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pocadots1990
01-21-2007, 09:47 PM
I had a conversation with a lady at work who is not a Christian and she asked me when the first Wednesday Prayer Meeting was held. I don't know the answer, can someone help me with this?

Thanks

David

Tom Butler
01-21-2007, 11:39 PM
I've asked the same question. Who decided, and when was it decided that we should meet on Sunday night and Wednesday night?

And how did attendance at those services become a measure of our spirituality?

rsr
01-22-2007, 12:04 AM
I'd be interested if someone has a definitive answer. I've run across Wednesday services in Baptist churches going back to the 1850s, but I don't know when and how the custom began.

I have seen the rise of midweek services in Protestant churches attributed to the revivalism of the Second Great Awakening of the early 1800s generally and in partciular to the great revival of 1867-68 - which began with a lunchtime prayer meeting in New York - but I can't provide anything conclusive.

Jerome
01-26-2007, 06:49 PM
Wednesday has been a particular occasion for fasts, services, lectures, etc. throughout church history.

Virginia's Laws Divine, Moral and Martial, circa 1612, contained this provision:
"All Preachers or Ministers within this our Colonie, or Colonies, shall in the Forts, where they are resident, after divine Service, duly preach every Sabbath day in the forenoone, and Catechise in the afternoone, and weekely say the divine service, twice every day, and preach every Wednesday, likewise every Minister where his is resident, ..."

Joseph M. Smith
01-26-2007, 09:17 PM
I suppose it came about because Wednesday night is about as close as you can get to halfway between Sunday mornings. I once belonged to a church that had its prayer meeting on Thursday nights -- I told the pastor I didn't know you could pray on Thursday <grin>.

I appreciate the posting about colonial Virginia ... in the liturgical churches (Roman Catholic, Orthodox, and Anglican) divine worship is held every day. Maybe once was all we could get out of our free-spirited Baptist folks.

Personally I enjoy Wednesday night, with its options for teaching, and have volunteered to do an apologetics class in the church where I am now a member.

Around here, Sunday nights services, etc., are almost gone from our Baptist churches.

C4K
01-27-2007, 03:26 AM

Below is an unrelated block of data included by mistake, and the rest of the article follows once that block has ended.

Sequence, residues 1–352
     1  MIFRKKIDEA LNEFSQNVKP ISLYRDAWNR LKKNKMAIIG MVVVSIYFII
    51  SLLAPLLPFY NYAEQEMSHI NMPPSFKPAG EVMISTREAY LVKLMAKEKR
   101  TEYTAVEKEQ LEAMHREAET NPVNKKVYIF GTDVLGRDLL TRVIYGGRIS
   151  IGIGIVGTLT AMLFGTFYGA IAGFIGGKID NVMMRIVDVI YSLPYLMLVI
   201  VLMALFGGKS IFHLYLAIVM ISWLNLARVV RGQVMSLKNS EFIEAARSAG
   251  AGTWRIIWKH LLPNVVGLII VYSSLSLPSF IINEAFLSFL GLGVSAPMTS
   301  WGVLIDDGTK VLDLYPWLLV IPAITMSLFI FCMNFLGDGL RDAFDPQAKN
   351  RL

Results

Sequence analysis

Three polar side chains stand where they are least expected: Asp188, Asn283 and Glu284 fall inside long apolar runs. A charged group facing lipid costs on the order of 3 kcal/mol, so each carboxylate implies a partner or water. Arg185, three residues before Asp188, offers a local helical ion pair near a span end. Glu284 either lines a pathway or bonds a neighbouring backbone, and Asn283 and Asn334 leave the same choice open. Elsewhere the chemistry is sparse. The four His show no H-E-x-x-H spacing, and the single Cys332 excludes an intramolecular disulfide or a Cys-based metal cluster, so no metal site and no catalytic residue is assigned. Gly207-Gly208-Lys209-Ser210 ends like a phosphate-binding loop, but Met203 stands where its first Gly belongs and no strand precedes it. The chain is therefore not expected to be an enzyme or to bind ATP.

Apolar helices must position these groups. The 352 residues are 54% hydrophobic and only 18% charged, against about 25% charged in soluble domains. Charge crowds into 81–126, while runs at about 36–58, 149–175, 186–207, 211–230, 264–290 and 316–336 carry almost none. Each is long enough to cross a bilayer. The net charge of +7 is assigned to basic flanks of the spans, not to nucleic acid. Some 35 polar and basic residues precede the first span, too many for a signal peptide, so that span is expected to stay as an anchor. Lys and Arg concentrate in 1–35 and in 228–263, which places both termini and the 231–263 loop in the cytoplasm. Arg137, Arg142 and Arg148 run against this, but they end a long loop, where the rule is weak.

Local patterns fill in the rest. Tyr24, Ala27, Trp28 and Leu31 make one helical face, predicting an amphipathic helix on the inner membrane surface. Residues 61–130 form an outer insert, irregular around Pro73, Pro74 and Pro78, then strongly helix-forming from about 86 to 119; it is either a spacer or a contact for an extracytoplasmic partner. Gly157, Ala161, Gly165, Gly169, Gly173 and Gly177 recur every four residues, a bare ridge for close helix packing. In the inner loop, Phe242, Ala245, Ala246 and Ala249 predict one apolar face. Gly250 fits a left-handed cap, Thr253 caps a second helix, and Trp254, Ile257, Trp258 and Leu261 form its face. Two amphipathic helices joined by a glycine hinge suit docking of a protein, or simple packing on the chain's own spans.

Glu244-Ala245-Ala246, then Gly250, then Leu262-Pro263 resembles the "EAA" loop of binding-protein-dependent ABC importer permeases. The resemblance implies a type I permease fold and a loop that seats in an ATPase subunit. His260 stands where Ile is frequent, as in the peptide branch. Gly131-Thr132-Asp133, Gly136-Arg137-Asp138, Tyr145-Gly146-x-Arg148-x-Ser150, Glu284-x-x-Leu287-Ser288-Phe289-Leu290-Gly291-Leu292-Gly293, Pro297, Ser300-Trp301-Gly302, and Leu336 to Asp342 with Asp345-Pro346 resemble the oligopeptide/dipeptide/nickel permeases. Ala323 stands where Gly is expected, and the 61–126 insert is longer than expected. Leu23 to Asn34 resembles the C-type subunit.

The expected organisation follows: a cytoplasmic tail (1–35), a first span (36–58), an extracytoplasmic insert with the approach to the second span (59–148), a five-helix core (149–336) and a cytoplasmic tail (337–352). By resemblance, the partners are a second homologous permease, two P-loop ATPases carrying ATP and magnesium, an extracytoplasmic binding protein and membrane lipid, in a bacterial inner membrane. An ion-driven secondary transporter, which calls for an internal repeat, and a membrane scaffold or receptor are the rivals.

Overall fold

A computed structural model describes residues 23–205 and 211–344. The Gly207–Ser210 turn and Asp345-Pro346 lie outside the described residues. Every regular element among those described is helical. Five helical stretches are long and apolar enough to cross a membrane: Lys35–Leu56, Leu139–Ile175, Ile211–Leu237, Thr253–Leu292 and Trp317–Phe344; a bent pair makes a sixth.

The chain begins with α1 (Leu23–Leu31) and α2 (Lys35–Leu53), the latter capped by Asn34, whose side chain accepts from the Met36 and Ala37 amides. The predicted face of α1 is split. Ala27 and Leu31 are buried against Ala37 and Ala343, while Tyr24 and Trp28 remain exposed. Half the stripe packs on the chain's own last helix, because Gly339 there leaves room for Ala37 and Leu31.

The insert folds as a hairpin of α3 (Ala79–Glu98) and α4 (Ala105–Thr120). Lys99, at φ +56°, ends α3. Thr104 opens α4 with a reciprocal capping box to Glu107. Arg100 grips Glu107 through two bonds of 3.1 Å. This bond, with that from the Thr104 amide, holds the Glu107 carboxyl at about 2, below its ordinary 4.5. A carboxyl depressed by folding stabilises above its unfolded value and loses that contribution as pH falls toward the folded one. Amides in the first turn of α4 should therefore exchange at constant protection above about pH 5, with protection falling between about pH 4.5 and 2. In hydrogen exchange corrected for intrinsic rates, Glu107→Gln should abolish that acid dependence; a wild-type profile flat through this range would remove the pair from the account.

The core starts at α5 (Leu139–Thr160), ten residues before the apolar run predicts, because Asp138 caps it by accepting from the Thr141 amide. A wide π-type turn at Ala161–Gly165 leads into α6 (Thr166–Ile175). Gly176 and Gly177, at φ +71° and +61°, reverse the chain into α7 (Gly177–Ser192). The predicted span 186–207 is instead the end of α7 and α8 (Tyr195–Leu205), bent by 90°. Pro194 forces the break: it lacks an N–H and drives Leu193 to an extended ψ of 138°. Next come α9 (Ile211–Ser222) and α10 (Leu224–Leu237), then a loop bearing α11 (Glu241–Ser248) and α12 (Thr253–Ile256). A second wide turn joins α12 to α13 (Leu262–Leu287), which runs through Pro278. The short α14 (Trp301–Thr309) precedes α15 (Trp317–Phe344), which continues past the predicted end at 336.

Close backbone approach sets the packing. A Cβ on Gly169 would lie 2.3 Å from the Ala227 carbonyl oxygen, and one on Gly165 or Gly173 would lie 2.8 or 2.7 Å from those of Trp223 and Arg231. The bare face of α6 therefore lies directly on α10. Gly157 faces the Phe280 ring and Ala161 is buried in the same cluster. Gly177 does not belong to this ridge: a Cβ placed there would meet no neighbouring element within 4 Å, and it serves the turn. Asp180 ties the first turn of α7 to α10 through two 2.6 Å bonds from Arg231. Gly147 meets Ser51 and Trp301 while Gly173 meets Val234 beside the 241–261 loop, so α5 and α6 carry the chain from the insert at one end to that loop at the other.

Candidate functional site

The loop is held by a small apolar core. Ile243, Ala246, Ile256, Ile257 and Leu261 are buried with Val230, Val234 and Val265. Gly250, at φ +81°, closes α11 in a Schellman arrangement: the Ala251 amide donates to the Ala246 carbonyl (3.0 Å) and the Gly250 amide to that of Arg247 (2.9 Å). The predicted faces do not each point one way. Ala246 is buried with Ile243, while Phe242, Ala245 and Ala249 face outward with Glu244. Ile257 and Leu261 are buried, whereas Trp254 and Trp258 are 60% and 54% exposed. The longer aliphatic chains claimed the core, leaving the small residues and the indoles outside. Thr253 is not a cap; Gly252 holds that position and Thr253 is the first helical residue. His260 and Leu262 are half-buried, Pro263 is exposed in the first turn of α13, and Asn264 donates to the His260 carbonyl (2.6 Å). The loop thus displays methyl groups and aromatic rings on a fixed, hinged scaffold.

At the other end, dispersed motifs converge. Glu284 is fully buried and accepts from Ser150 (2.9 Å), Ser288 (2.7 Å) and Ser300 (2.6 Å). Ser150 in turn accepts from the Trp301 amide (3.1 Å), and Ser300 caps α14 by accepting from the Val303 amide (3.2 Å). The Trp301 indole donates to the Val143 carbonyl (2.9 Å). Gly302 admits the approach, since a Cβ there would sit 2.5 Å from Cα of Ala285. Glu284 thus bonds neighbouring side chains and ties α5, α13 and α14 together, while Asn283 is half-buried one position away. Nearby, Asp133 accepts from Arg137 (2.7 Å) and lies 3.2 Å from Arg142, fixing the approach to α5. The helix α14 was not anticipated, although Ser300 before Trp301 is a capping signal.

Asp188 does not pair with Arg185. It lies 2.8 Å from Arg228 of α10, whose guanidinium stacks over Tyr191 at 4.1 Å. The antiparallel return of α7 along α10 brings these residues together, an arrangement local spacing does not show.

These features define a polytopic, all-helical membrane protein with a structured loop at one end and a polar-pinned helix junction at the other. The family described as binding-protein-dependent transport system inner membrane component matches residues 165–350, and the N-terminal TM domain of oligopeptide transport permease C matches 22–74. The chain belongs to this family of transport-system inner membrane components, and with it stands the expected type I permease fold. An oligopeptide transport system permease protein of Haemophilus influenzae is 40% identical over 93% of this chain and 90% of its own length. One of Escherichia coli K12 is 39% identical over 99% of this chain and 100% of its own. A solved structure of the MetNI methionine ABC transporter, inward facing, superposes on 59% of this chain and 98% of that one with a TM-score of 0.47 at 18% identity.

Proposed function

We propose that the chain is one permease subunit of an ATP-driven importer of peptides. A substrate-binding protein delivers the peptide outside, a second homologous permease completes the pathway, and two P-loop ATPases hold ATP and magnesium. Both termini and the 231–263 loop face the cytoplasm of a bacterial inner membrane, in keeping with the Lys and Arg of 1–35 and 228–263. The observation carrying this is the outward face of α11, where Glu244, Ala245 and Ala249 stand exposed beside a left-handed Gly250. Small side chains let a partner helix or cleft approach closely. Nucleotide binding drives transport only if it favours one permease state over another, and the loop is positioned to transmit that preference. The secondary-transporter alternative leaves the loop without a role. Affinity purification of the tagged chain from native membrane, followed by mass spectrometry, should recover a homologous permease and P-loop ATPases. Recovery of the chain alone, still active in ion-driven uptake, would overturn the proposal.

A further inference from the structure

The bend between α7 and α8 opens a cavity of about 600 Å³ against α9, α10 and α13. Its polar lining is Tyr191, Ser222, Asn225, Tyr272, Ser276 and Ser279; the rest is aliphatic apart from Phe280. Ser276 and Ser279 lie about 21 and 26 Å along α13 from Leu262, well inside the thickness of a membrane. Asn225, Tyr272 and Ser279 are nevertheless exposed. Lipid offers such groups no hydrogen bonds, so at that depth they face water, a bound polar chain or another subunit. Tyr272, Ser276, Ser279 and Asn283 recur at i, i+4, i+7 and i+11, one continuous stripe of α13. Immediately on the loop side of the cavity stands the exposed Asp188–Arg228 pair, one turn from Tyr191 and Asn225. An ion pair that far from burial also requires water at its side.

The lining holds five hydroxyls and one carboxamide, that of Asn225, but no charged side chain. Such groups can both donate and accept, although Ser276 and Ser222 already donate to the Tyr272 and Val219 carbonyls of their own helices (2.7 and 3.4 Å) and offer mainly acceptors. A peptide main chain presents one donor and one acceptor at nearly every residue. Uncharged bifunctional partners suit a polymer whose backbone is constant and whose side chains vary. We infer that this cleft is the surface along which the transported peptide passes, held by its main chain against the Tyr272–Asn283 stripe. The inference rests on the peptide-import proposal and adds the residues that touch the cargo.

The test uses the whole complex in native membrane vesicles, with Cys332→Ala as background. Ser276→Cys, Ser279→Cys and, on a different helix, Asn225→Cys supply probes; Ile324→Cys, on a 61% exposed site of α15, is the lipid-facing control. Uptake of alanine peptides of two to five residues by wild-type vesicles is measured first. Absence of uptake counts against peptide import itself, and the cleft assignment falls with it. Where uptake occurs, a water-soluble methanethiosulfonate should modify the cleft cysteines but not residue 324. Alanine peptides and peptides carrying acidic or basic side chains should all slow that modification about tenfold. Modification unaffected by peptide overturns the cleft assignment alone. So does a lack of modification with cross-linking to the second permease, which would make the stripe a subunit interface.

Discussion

Not sure when it came to pass (appreciated the quote above about Virginia, BTW).

We only have one real "service" a week, Sunday morning.

Those who can meet on Sunday evening for Bible Study while we have Sunday School for kids.

We do meet on Wednesday, but only for corporate prayer. Wednesday fits everyone schedule.

rsr
01-29-2007, 09:29 AM
Thanks for the reference to Virginia Anglicans, Jerome.

I would guess that the Anglican practice may have entered American evangelicalism through the Methodists. (John Wesley fasted Wednesdays and Fridays, as recommended in the Didache.)

After Wesley came to America, he began having meetings on Wednesdays in Savannah "in order to a free conversation, begun and ended with singing and prayer." After his return to England - and finding that churches were closed to his preaching - he began preaching in public and organizing those who responded to his message. The followers were grouped into "bands" of five to 10 people, and the entire group met on Wednesday evenings.

I also would note that John Gill delivered Wednesday lectures (for a group of people who were not members of his church) from 1729 to 1756.

Joseph M. Smith
01-29-2007, 06:26 PM
I also would note that John Gill delivered Wednesday lectures (for a group of people who were not members of his church) from 1729 to 1756.

Oh, how I wish we could still do something like that ... at any time of the week ... and expect "seekers" to come. Those churches which have "seeker services" -- is it working? Are they getting seeking, skeptical, want-to-have-faith people?